Zantac and Prevacid: Is it safe to use both?

Our 9-year-old grandson has just been prescribe Zantac and Prevacid daily. Is it safe to take Zantac and Prevacid both each day?

Thanks, Bobbie and Olivia Greene

Dr. Greene:

I’m not usually a fan of using Zantac and Prevacid daily. Both medications reduce acid in the stomach. And each one individually can increase the chance of gut infections (some acid is there for good reason!). Taken together this risk can be higher. It’s usually an either/or choice. Not both/and.

Even though both drugs are pretty safe, they can have side effects.

Long term use of proton pump inhibitors (PPIs like Prevacid) has recently been linked to an increased risk later of Alzheimer’s and other forms of dementia. The risk is small – and a long way off – but another reason I prefer not doubling up. We know less about the combo than either individually.

In general for reflux at that age I prefer starting with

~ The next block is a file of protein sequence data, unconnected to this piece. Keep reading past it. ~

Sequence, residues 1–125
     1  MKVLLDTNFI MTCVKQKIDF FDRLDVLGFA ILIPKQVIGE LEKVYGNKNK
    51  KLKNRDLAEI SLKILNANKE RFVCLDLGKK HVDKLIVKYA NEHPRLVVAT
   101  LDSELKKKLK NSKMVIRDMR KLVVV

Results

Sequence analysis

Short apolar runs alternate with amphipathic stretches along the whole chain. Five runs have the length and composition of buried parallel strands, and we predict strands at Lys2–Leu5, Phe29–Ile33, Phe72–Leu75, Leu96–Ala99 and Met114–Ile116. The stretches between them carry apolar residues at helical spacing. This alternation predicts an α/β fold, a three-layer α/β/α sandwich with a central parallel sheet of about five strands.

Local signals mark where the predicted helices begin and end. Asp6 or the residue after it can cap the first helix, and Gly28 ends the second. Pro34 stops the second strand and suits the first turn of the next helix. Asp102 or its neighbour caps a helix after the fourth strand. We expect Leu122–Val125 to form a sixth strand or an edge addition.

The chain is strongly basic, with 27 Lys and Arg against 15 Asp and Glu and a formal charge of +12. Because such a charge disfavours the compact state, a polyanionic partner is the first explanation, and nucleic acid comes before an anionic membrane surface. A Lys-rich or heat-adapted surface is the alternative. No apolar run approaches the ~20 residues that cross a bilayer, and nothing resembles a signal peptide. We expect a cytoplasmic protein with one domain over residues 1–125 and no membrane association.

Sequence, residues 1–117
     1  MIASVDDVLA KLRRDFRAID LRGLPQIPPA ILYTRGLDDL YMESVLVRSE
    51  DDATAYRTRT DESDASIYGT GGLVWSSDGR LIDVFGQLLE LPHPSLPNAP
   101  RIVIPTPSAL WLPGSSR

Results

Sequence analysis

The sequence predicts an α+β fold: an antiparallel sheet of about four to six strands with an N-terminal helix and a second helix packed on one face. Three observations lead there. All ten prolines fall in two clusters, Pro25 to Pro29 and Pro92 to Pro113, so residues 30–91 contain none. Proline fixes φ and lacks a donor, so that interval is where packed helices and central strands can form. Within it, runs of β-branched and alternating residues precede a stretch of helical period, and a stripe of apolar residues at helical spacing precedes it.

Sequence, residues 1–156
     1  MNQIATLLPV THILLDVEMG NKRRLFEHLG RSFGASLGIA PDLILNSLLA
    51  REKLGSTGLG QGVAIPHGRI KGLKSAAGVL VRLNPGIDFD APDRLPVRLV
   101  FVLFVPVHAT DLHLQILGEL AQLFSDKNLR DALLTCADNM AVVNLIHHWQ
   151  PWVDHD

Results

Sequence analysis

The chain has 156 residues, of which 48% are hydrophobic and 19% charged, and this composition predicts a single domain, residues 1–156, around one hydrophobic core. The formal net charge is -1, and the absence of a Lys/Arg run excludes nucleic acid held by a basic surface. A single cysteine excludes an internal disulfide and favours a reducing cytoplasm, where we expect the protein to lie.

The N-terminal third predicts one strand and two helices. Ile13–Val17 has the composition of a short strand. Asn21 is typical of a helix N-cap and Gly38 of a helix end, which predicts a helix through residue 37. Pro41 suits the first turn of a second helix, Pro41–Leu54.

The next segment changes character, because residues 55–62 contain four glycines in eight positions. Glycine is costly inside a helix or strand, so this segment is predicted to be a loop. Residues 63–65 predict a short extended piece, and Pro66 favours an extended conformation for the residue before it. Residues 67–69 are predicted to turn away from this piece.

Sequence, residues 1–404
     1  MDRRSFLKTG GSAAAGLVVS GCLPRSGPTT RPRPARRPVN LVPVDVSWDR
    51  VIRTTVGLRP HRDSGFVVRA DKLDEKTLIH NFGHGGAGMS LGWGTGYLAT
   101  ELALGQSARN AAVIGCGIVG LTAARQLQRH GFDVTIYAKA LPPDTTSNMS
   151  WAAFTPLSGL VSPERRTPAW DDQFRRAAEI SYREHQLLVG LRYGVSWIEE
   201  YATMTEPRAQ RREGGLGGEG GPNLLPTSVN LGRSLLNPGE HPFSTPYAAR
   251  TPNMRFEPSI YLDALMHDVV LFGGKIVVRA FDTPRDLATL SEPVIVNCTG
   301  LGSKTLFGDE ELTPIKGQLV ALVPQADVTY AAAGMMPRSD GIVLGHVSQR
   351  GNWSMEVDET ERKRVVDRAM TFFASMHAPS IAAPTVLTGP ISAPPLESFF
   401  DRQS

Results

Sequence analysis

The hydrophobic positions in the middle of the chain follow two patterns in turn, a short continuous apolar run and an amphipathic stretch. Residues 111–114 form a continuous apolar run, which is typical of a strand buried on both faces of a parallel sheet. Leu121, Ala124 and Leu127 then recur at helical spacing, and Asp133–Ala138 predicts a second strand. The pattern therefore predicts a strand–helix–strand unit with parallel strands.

1. Increasing saliva – the body’s own way of neutralizing acid. This can be done by chewing gum (with xylitol) or by sucking on lozenges.
  2. Reducing foods that could increase reflux (including sodas or other caffeinated beverages or energy drinks, peppermint, chocolate, and orange juice).
  3. Positioning – avoiding lying flat or having pressure on the stomach soon after eating. And head of bed elevation for kids who have nighttime symptoms.
  4. Weight management for kids who are overweight.
  5. Some kids benefit from gentle natural remedies including chamomile, fresh ginger, and slippery elm.

Beyond this I might try Zantac or one of the related meds, because they act quickly, to see if they bring relief. And then switch to Prevacid, or one of the related meds for longer use.

How far I go will depend on how much of a problem the acid is causing. I’d do much more for someone where the acid is triggering asthma or esophagitis. Everything comes down to benefits versus risk.

Dr. Alan Greene

Dr. Greene is a practicing physician, author, national and international TEDx speaker, and global health advocate. He is a graduate of Princeton University and University of California San Francisco.

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